Dear President Biden,
Yesterday the power went out and we ended up making scrambled eggs and playing Scrabble by candlelight (and a battery operated camping lantern). It wasn’t an especially strong wind gust – just 40 knots or about 46 MPH that caused it – but somehow it made the lights toggle on and off three times before they just went out and stayed out. This started at 3pm yesterday and from 3:04pm until sometime around 10pm we were without electricity. It was definitely not a micro-outage – 42,000 homes in the Seattle area and over 200,000 statewide were without power and as of this morning, some still didn’t have it back on. In many areas schools were closed today because of the outages.
The map of the US in the WP about the increasing frequency of weather-related (climate-related….) power outages indicates that unlike many other states, Washington has seen an overall decrease in the number of minutes of power outage from the averages across 2013-2015 to those across 2018-2020. Maybe it’s just a recency effect that’s skewing my perception, but I was pretty surprised to see this since at least in our spot in Washington state, it seems like we’ve been losing power quite a lot more often in the last few years than in years prior. And, of course, averages sweep up lots of longer and shorter (bigger/smaller, etc.) values to get a summary of what’s what that can gloss over lots – and lots – of wildly different experiences on the ground. Visual representations like the WP generally don’t even try to capture the variability in the datasets they’re presenting….
The upshot of this is that it may well be that we’ve actually been losing power in this part of the state more frequently in the past three-ish years than a bit longer ago, but since the power has never stayed off all that long here and there’s been no reported loss of life associated with it, I’m not going to belabor this point for me and my neighbors any further. Much more importantly, a recent study by the Rockefeller Foundation demonstrates pretty damn convincingly that during (and after) the horrible storm that knocked out much of the power grid in Texas this past February, areas that are predominantly occupied by minority people were markedly more likely to be without power than those predominantly occupied by White people. Poverty played a role too, but minority status was the bigger factor.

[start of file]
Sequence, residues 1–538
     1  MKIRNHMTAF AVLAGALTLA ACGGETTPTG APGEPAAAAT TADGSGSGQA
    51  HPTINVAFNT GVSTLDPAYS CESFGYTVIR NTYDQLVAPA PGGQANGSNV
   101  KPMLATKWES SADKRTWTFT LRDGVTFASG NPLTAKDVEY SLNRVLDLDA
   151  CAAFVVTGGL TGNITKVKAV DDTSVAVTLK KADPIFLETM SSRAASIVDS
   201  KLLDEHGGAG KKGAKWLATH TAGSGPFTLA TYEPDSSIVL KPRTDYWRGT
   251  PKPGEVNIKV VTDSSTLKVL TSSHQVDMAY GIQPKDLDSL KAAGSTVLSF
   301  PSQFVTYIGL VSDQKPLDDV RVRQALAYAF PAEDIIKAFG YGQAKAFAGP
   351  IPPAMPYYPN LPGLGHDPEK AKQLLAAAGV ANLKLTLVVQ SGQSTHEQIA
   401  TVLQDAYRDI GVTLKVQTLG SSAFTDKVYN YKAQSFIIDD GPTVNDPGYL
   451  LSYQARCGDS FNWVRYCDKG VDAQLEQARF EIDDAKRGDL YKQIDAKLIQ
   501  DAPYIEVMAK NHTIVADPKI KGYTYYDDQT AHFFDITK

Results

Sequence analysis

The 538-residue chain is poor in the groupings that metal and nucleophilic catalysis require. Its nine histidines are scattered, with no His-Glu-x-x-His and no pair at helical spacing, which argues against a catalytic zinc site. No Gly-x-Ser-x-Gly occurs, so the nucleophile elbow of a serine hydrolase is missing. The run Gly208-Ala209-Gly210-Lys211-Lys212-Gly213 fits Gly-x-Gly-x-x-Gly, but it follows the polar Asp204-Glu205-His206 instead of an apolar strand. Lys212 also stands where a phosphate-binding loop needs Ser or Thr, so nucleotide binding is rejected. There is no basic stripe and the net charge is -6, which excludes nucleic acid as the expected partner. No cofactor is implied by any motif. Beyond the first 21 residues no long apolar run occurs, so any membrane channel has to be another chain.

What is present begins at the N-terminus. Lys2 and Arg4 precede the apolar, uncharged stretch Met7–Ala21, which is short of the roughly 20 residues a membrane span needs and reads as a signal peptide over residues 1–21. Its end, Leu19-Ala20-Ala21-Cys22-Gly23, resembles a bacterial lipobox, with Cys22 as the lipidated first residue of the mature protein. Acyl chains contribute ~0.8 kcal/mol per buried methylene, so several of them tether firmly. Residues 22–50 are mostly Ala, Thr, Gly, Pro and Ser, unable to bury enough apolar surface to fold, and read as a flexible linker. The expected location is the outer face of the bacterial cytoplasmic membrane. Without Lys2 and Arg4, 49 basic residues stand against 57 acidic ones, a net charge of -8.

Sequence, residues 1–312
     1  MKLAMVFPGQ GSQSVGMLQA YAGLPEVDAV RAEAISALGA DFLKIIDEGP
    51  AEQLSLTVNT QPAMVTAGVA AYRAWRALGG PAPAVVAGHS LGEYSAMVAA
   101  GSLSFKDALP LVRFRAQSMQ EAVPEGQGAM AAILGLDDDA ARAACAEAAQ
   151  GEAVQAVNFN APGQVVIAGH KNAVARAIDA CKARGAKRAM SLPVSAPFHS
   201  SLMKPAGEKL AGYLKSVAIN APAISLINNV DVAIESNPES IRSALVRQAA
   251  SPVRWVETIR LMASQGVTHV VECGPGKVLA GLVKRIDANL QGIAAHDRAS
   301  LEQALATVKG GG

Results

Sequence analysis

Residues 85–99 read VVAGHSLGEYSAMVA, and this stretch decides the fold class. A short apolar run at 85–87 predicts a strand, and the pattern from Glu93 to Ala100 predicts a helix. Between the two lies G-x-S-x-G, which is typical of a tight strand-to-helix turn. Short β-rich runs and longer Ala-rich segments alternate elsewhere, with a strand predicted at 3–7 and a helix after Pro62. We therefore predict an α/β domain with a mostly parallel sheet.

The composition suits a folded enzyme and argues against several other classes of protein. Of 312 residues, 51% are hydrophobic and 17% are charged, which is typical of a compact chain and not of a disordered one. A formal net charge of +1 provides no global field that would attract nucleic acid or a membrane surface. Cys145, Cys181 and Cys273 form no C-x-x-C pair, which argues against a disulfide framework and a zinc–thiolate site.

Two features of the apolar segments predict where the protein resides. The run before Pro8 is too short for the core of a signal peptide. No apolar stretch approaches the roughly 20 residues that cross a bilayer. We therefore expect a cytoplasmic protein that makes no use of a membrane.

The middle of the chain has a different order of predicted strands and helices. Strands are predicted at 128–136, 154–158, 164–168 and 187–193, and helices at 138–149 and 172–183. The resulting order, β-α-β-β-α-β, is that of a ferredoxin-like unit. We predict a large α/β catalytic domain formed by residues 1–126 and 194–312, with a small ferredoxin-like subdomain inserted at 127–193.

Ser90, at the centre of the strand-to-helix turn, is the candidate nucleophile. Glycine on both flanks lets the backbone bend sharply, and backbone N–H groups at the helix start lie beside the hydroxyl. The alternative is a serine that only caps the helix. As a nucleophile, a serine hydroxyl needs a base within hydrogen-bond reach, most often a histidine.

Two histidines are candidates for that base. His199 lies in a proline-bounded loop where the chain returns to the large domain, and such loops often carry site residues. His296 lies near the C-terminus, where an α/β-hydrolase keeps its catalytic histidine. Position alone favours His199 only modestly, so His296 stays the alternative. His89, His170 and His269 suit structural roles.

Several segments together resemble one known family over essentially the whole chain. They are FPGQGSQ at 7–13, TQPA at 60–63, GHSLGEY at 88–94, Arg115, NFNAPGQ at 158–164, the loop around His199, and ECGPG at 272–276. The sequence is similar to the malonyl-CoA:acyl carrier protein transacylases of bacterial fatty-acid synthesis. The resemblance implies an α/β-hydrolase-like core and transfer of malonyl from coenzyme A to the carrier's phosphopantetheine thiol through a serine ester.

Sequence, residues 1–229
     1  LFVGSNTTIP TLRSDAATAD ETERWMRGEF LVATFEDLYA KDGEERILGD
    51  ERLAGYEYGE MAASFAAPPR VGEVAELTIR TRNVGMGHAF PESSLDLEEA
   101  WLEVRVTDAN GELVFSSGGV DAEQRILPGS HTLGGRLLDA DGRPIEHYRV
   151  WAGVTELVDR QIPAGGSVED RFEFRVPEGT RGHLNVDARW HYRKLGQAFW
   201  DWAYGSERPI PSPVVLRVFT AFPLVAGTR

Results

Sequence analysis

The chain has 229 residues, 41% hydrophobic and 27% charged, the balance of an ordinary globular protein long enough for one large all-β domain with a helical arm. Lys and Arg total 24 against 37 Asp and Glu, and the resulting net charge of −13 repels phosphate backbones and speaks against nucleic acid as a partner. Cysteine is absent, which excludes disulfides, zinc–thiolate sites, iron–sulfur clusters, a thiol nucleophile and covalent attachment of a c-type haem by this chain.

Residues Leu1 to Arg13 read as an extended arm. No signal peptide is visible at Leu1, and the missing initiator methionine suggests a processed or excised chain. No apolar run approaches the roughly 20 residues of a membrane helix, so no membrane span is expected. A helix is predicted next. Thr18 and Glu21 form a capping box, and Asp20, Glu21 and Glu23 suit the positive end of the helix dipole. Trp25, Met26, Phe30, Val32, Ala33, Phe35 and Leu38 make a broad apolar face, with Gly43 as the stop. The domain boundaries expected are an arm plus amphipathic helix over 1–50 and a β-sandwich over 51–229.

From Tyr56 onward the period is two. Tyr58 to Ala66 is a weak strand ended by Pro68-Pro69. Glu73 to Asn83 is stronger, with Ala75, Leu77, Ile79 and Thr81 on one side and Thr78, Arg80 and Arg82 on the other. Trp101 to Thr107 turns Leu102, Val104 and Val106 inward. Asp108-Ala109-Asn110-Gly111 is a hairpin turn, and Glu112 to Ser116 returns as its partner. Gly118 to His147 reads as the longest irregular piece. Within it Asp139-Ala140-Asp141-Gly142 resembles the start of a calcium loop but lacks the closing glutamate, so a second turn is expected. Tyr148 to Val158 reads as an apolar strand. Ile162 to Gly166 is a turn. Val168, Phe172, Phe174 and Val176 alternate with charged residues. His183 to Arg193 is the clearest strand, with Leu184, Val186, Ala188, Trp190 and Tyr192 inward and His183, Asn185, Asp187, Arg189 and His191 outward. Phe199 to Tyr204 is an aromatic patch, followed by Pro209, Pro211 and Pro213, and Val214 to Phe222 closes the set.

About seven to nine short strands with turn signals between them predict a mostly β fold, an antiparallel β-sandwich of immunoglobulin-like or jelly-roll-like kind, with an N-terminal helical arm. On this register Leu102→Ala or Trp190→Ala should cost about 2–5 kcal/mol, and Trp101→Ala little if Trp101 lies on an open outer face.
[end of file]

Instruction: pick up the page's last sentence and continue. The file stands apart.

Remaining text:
In setting up the rationale for conducting the study, the authors specifically speak to the problem of averages and how they obscure what’s going on on the ground for different groups of people. It’s like doing a climate survey in a workplace and just looking at the totals without seeing if the climate differs for women and men or for racial and ethnic minority people, etc.
It’s funny (not funny) how the WP article noted above that purports to unpack how utility companies and state regulators are not factoring in climate-related stresses to the system didn’t mention how these climate-related stresses to the system aren’t evenly distributed throughout the populace – that they tend to fall disproportionately on poorer communities, including both rural communities and urban communities of color. I don’t know – maybe they thought it was too much to pack into an already tetchy piece. Or maybe they think that a lot of people reading the WP are more interested in the threat to their own power (electrical and other sorts), so they don’t want to draw attention to disparities because it might undermine interest in addressing climate-related system stresses. Whatever the reasons for this glaring oversight, I hope you all are listening to people from historically (and currently) disenfranchised groups so that the infrastructure monies and the global warming mitigation monies are distributed where and how and to whom they are most needed.
May we ALL be safe.
May we all be willing to look out for everyone.
May we have the courage to park the divisive ‘me and mine’ thinking that is endangering us all.
May we accept that no fancy schmancy gated-whatevers are really going save anyone in the long run.